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Release Date: 3/5/1998
Contact Information: Randy Wittorp, U.S. EPA, (415) 744-1589

     San Francisco -- The U.S. Environmental Protection Agency (EPA) announced today that the following ten urban areas across California have met the public health standard for carbon monoxide:  Bakersfield, Chico, Fresno, Lake Tahoe North Shore, Lake Tahoe South Shore, Modesto, Sacramento, San Diego, San Francisco Bay Area, and Stockton.  U.S. EPA signed a rule today that would officially make all ten regions attainment areas for the health standard.

     "This is good news for the health of California residents," said Felicia Marcus, U.S. EPA regional administrator.  "Millions of people throughout the state can breathe a little easier knowing that the air meets the public health standard for carbon monoxide.  While California has experienced tremendous growth, state and local agencies, environmental groups and businesses have met the challenge and found effective ways to cut levels of this serious air pollutant."

     Carbon monoxide is produced when fuels burn inefficiently, primarily coming from motor vehicles.  Other lesser sources include:  lawn and garden tools and other non-road gasoline-powered equipment, industrial boilers, incinerators, and wood-burning.  Carbon monoxide levels have been on a steady decline across the state because of California's improvements in motor vehicle emission controls, cleaner burning fuels, and smog check programs.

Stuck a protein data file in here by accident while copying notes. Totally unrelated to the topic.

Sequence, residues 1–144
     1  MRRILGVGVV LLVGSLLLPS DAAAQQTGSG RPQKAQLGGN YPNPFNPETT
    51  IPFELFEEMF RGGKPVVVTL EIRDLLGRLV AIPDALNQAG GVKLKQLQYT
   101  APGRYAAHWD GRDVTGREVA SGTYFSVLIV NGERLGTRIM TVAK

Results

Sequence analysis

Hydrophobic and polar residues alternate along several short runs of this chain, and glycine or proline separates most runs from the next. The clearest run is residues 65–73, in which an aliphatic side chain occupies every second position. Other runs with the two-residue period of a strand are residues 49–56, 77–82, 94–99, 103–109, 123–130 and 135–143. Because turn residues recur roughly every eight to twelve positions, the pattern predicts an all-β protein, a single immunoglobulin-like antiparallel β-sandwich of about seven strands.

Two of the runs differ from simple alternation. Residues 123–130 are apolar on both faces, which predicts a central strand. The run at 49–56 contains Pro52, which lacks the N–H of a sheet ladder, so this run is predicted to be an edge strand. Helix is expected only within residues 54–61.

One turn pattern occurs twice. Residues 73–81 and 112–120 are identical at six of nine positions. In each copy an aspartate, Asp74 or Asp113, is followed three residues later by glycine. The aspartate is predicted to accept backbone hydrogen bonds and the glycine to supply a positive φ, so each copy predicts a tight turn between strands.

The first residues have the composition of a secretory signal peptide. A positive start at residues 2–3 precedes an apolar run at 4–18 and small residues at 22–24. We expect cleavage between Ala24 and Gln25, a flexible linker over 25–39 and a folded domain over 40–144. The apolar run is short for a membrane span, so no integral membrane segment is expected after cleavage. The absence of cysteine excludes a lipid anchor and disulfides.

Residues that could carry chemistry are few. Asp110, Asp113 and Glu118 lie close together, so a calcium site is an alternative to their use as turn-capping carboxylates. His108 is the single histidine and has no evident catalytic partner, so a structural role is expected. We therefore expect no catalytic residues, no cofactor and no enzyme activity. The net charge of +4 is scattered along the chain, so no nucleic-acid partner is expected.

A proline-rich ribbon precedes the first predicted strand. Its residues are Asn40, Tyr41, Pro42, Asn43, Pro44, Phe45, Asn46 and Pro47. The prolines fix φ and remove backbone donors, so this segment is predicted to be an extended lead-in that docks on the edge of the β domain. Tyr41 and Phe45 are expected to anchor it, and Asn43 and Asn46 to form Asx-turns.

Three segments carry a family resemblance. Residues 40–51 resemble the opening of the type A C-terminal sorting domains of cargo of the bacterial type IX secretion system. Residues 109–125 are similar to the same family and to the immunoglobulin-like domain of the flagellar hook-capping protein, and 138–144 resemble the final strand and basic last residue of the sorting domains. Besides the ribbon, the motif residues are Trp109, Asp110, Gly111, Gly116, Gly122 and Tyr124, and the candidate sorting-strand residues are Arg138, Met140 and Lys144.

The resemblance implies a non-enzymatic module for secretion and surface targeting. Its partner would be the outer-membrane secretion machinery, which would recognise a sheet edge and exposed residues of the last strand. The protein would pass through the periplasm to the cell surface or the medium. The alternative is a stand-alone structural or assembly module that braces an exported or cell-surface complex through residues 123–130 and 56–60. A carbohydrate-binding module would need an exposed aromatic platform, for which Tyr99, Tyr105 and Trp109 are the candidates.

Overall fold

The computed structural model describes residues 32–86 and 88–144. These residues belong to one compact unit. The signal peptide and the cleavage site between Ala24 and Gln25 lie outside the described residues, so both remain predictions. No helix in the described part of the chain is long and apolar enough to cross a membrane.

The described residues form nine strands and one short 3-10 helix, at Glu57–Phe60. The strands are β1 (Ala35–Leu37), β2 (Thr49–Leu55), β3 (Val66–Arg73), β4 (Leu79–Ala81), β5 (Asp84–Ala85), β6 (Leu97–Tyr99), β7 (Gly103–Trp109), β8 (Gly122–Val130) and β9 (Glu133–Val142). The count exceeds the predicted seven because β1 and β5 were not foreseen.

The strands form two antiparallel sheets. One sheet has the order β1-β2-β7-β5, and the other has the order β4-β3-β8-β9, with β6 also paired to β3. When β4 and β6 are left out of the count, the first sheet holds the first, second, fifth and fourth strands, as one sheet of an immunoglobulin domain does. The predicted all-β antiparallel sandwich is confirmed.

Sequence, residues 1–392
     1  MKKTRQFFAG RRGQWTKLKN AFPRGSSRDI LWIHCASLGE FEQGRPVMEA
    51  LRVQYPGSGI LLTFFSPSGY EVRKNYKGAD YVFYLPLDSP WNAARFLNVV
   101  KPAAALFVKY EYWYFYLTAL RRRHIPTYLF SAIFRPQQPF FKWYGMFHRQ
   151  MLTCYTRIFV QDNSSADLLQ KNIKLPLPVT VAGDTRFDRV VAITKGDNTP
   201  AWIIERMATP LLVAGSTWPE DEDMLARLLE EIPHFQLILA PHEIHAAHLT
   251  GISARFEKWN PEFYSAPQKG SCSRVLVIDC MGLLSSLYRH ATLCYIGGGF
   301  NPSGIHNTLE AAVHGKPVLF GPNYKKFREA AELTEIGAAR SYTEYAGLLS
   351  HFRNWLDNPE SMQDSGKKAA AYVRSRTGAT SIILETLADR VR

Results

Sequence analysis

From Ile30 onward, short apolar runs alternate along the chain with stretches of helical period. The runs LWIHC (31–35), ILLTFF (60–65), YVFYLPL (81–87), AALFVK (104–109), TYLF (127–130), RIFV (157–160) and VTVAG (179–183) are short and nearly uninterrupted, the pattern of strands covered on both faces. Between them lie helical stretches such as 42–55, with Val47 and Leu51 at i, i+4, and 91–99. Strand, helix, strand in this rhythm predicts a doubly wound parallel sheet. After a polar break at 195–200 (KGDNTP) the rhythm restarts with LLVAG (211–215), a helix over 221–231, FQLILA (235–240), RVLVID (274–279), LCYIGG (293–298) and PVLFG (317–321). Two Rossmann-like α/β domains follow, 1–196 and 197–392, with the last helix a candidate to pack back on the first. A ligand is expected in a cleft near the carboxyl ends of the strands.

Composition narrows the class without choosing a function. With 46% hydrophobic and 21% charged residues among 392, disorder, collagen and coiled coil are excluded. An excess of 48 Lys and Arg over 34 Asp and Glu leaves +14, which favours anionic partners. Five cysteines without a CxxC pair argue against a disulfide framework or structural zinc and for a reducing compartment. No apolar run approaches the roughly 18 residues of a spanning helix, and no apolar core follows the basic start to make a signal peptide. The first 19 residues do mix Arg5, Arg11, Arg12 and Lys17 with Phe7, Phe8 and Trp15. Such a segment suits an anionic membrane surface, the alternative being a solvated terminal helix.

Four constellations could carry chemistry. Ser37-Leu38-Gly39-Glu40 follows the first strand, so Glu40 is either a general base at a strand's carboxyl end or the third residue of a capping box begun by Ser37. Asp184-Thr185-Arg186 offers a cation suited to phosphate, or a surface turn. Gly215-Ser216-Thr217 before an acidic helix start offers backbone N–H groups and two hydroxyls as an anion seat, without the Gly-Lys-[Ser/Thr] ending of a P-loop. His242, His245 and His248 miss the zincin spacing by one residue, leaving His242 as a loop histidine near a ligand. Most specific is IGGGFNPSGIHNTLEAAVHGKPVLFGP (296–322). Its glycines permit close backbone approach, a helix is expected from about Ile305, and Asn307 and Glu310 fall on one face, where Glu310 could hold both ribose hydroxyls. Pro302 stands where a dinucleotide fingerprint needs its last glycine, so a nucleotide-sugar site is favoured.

Carbon monoxide enters the bloodstream and reduces oxygen delivery to the body's organs and tissues.  Exposure to elevated levels of carbon monoxide may cause loss of visual perception and manual dexterity as well as fatigue, chest pains and breathing difficulties.  Young children, senior citizens, pregnant women and people with asthma or other heart and lung problems are especially susceptible to the effects of carbon monoxide pollution.  U.S. EPA's national public health standard for carbon monoxide is 9 parts per million.

     On July 3, 1996, the California Air Resources Board submitted requests to redesignate ten of California's federal carbon monoxide planning areas from nonattainment to attainment.  Under the 1990 Clean Air Act Amendments, designations can be changed if sufficient data is available to support revisions.  Yesterday afternoon, U.S. EPA signed a rule for publication in the Federal Register to redesignate all ten areas to attainment for carbon monoxide.